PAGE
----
Blantyre -

A senior Malawian civil servant and two construction executives went on trial for corruption on Wednesday, the first of dozens charged in the biggest financial scandal in Malawi's history.

Known as “Cashgate”, the case has led to charges against 68 state employees and executives accused of looting government funds to the tune of more than $20 million.

Leonard Kalonga, who was chief accountant in the tourism ministry, is accused of defrauding the government through the unauthorised purchase of six luxury buses worth $1.3 million. The buses were not meant for government use and it remains unclear what he planned to do with them.

Two directors of a construction company - Caroline Savala and Agnes Katengeza - also appeared accused of alleged theft and money laundering after they received payment from government without building anything.

The cases were adjourned to a later date.

“We have been looking for answers, and the answers can be found through the court proceedings,” Information Minister Brown Mpinganjira told AFP as the hearings kicked off.

“I pray that they'll go fast so that Malawians can finally know what happened,” he added.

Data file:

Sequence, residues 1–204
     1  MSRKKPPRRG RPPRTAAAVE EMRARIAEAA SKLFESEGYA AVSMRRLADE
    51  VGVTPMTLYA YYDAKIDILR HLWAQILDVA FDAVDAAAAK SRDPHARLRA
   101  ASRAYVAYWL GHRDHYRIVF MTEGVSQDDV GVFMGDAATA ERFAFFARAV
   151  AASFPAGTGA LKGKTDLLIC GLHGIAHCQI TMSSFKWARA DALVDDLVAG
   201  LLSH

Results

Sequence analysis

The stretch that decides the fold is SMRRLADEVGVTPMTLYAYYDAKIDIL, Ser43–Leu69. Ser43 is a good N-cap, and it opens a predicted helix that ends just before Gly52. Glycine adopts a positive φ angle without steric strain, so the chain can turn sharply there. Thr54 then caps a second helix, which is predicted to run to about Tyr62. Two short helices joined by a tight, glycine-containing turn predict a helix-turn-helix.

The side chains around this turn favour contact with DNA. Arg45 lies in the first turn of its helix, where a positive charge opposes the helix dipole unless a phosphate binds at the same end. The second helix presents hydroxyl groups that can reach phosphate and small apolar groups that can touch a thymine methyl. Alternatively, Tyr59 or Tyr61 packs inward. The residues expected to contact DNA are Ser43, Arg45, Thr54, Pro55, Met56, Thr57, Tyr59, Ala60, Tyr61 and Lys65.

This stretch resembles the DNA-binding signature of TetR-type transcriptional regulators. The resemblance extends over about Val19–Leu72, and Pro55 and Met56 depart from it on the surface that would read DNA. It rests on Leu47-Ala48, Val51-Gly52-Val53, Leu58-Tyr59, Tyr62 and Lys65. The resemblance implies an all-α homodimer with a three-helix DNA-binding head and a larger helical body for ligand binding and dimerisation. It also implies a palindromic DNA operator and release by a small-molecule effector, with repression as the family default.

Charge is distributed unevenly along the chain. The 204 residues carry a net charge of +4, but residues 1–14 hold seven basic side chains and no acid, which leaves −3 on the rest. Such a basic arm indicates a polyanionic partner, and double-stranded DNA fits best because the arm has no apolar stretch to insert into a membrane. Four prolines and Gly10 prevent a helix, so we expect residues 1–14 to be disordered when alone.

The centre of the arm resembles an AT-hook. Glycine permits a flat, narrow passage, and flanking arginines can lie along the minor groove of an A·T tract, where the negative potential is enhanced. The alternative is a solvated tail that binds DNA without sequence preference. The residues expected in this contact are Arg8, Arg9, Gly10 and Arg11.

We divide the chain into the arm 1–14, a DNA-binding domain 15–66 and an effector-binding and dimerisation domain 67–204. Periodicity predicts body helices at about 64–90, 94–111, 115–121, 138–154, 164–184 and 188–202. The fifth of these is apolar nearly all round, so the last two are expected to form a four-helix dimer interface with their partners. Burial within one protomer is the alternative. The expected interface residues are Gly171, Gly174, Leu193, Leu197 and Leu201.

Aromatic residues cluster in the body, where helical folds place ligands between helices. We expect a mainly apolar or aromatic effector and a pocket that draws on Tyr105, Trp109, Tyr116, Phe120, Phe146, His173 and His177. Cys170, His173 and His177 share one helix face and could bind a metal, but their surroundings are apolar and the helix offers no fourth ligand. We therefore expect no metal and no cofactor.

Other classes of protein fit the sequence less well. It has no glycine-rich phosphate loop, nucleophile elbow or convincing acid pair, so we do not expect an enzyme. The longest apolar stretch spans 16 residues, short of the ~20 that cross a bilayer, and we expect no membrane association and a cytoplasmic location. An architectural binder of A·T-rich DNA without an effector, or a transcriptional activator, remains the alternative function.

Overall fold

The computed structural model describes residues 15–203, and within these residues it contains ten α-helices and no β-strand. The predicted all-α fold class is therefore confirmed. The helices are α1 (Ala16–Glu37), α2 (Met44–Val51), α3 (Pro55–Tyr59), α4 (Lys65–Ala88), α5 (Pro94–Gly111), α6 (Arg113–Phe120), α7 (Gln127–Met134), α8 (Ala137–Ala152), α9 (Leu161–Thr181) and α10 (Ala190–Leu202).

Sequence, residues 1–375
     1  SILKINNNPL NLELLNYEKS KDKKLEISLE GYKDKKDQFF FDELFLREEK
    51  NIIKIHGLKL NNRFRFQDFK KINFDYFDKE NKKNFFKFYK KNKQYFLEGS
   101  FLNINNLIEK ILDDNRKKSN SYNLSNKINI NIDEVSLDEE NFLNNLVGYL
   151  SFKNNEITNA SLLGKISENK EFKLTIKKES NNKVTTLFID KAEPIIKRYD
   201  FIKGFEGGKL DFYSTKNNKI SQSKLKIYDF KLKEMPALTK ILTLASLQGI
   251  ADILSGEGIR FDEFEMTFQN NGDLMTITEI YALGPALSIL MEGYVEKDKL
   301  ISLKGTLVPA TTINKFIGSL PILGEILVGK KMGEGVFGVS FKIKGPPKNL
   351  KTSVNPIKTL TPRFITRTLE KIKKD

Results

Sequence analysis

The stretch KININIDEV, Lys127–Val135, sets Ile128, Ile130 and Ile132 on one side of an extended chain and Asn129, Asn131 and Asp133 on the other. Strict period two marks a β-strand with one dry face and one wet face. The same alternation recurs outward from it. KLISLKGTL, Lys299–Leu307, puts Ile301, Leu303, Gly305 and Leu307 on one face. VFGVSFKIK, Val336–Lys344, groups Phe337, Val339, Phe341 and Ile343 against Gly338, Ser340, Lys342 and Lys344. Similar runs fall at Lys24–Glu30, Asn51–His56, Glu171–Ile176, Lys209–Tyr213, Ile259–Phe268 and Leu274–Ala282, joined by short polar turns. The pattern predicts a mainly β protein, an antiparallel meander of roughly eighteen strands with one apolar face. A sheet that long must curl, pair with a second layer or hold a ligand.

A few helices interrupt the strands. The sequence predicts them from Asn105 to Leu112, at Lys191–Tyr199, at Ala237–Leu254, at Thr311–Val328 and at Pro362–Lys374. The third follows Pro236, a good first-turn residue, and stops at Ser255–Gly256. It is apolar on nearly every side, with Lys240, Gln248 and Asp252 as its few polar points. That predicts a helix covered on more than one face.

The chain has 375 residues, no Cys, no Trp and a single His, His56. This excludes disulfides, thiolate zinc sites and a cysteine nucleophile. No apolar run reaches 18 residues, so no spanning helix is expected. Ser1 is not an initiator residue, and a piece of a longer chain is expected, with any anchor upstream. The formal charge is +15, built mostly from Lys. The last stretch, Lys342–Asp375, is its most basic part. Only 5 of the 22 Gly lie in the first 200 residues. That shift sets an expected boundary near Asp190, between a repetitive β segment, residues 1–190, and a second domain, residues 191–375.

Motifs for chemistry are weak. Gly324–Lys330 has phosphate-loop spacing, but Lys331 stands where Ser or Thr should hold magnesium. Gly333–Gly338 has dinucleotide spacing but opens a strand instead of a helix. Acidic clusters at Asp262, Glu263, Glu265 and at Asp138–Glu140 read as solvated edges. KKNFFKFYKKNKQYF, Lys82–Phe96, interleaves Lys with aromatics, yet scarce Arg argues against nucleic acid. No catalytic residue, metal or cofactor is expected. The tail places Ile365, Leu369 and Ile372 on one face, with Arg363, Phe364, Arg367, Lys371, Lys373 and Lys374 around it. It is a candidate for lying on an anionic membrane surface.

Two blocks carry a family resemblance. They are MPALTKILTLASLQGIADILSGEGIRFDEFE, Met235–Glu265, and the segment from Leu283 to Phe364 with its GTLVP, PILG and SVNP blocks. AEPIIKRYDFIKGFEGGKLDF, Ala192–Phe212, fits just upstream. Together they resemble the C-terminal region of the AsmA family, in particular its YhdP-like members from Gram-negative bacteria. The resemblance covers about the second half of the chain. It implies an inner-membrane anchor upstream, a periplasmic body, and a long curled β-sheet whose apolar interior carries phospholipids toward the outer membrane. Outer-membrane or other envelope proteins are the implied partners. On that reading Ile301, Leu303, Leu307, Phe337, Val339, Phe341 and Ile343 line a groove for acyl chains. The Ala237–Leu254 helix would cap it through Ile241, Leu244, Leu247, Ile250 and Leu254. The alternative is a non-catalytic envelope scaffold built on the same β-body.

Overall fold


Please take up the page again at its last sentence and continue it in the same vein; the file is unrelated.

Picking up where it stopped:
So far authorities have tracked $20 million in stolen state funds, said Mpinganjira, with rumours the final figure could be as high as $100 million.

In some instances officials allegedly used a central government computer payment system to transfer money to ghost firms for supposed services. They then deleted the companies' information from the system.

The opening on Wednesday of the first trial in the case, which comes ahead of elections in May, drew a huge public turnout despite heavy rain.

The scandal led to the suspension of around $150 million in foreign aid and has threatened President Joyce Banda's political career in an election year.

Banda has acted swiftly to restore her government's image, sacking her entire cabinet late last year and setting up an investigation into the allegations, which mostly implicate officials in her ruling People's Party.

These include the party's most senior official as well as Ralph Kasambara, a former justice minister arrested for money-laundering and conspiracy to murder after a corruption-busting official was shot outside his house last year.

Banda faces three prominent male election contenders including Peter Mutharika, a brother of the late president, during elections on May 20.

Previously vice-president, she came to power in 2012 following the sudden death of president Bingu wa Mutharika.

Her government has blamed “loopholes” in the payment system introduced when the late president started his term for the massive looting of public funds.

Prosecutors have said up to 30 percent of the poor southern African country's resources are plundered annually.

More arrests are expected when a probe backed by Britain and the European Union is completed, according to Mpinganjira.

“Everybody is waiting for the forensic audit report which will have good evidence of what happened and who was involved,” he said. - Sapa-AFP